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by Natalie Babbitt

It has been my lifelong wish that there was no such thing as change — outward change, anyway. I like things familiar and predictable. Yet, from the very beginning, my life has been made up of repeated outward changes. I have moved twenty-two times. The humblest dandelion has more tangible roots than I do. But moving is the American way. Nearly all of us had to move from somewhere just to get to America in the first place. So change is not only an inescapable ingredient of life; it’s a characteristic ingredient of American life.

I wonder sometimes, however, how much we really change inwardly as we go along. I wonder how many of us, in the course of an average life, become something really different from what we were in the beginning. At my high school graduation the headmistress said to us, “Remember, girls, no matter where you go, you take yourselves with you.” That was a shocking thing to hear at the time, when we all wanted to become silk purses and swans — symbols of at least one kind of metamorphosis. But our steely-voiced headmistress was absolutely right. We learn things as we go along; we go through experiences that head us sometimes in unexpected directions, but we are still burdened down with ourselves and respond to all experience in ways that anyone who truly knows us could probably describe as predictable.

I suppose the whole thing comes down to what is meant by the term metamorphosis. I went back for a reunion a few years ago to the school with the steely-voiced headmistress — she herself, of course, long gone. My classmates and I all looked hard at each other. Most of us, in spite of the thirty years that had elapsed, looked pretty much the same — that is to say, perfectly recognizable. No problem knowing each other on the street. But the fattest girl was now thin, while the thinnest was now fat. I wouldn’t have known either of them on the street — unless I stopped and talked to them. Then I would have recognized them easily.

Outward changes only. There are plenty of those. I always look with great interest at the make-over stories in the women’s magazines whenever I come across one. Mrs. G.K. from Kansas as she looked before — before the hairdresser, the make-up artist, and the clothes person had their way with her. Before, she was lank-haired, pale, frumpy, and embarrassed. Then — presto! Mrs. G.K. from Kansas: puff-haired, rosy, stylish, and — embarrassed. I think Mrs. G.K. probably went home to Kansas after this experience, washed out the hair spray, wiped off the make-up, put her old denim skirt back on, and said to Mr. G.K., “It was fun, I suppose, but I just didn’t feel like me!” And Mr. G.K. probably gave her a hug and said, “I like you just the way you are.”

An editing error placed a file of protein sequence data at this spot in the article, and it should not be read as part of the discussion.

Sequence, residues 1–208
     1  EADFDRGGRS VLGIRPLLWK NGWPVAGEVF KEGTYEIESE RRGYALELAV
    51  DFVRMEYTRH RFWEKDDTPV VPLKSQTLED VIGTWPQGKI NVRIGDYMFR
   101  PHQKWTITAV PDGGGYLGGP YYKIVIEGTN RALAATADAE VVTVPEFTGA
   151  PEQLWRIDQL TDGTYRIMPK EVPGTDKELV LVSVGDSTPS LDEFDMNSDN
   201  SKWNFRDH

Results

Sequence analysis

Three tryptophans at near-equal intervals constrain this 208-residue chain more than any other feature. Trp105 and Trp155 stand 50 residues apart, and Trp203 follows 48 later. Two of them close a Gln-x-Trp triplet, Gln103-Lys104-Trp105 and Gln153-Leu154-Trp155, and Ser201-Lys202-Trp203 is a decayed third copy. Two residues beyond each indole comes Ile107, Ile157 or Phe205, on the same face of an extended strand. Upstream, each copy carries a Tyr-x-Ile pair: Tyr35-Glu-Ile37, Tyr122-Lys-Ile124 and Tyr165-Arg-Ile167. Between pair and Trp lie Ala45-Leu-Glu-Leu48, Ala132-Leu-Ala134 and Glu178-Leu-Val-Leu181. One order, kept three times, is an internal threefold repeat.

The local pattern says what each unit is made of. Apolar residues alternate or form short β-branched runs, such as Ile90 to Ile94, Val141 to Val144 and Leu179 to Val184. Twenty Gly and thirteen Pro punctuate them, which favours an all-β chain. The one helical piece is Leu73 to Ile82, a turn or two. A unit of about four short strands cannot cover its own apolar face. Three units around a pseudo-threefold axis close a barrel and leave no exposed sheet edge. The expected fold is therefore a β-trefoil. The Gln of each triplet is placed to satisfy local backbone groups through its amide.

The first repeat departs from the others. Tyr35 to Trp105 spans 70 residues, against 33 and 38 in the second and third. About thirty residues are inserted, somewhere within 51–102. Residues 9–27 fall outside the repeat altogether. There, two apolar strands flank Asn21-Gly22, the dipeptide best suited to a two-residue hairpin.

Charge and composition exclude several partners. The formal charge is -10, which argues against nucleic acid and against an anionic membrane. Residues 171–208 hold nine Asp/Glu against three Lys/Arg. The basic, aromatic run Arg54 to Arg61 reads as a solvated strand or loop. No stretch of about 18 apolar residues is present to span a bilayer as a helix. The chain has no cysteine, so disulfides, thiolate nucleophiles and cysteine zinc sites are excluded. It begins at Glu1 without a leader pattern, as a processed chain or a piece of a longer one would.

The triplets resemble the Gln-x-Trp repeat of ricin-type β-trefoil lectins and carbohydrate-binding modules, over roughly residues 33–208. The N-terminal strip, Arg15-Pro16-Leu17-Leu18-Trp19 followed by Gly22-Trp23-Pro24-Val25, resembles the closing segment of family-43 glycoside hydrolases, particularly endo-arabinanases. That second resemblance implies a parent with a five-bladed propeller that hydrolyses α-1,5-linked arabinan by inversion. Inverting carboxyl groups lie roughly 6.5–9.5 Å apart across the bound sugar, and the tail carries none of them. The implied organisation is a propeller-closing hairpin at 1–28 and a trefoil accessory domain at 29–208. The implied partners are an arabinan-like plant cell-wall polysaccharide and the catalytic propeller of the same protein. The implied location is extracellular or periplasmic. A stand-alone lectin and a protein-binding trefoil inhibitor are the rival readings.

Outward change. It can be unsettling to the people around us. My daughter, Lucy, once gave me, for a joke, a curly, short-cropped black wig for my birthday — a sort of Elizabeth Taylor style. We passed it around, and everybody tried it on — even my husband and my two sons. Aside from being funny, which it certainly was, it also had an eerie, alienating effect. “Take it off,” my son Tom said to me quite seriously. “You don’t look like my mom any more.”

The wig did represent a kind of momentary metamorphosis, but not a metamorphosis greatly to be desired after all. We grow used to ourselves, the people around us grow used to us, as we grow older. How we look is c1osely tied to who we are. We come at last, perhaps, to some understanding of our individual essence.

My good friend and collaborator, the poet Valerie Worth, is much concerned with essence. She writes about it often. In one of her collections of poetry, Still More Small Poems (Farrar), she says about a rose bush: “In summer it / Blooms out fat / And sweet as milk; / In winter it / Thins to a bitter / tangle of bones; / And who can say / Which is the / True rosebush?” A question well worth pondering. But no doubt the rosebush itself knows the answer, just as we know at last our own essence.

I don’t suppose there’s anyone, and I emphatically include myself, who doesn’t wish to be different in some way from what he or she is. But I doubt if any of us would really be willing to undergo a true metamorphosis now, a metamorphosis that alters our inward essence: to become some new and wonderful other kind of person at the touch of a godmother’s wand and then go back to our unchanged lives, the lives that we have shaped, or tried to shape, to fit the person we were before. No, if we underwent a metamorphosis, everything else would have to change as well or else we would be forced to live as new square pegs in old round holes — uncomfortable, alien, the proverbial odd man out.